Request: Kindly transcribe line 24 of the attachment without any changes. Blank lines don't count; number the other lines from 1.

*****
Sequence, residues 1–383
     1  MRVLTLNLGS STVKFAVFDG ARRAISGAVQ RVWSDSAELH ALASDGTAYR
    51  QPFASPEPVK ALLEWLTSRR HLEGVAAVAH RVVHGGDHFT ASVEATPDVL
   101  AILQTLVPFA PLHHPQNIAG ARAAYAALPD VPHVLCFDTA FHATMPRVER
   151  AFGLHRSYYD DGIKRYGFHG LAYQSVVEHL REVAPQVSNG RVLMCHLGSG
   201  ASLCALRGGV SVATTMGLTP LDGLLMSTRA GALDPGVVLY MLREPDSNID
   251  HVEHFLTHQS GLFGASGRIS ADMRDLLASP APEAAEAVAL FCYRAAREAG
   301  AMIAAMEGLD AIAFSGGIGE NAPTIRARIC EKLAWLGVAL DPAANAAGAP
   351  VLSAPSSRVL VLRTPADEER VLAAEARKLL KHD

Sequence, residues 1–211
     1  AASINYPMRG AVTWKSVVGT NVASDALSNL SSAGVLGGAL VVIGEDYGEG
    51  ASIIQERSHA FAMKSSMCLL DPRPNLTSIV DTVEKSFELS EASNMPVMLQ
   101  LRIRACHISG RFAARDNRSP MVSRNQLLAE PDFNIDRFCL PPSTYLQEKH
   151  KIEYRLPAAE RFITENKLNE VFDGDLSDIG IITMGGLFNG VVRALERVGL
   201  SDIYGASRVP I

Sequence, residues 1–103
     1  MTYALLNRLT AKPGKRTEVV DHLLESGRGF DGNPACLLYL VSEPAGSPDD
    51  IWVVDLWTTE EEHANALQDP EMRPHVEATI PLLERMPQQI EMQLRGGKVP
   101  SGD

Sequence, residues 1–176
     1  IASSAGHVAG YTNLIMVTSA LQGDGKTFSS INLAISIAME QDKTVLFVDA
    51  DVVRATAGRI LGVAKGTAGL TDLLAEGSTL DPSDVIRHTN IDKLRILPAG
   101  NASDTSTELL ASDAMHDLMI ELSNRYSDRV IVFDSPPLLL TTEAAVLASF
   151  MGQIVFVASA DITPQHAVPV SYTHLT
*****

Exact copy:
   151  MGQIVFVASA DITPQHAVPV SYTHLT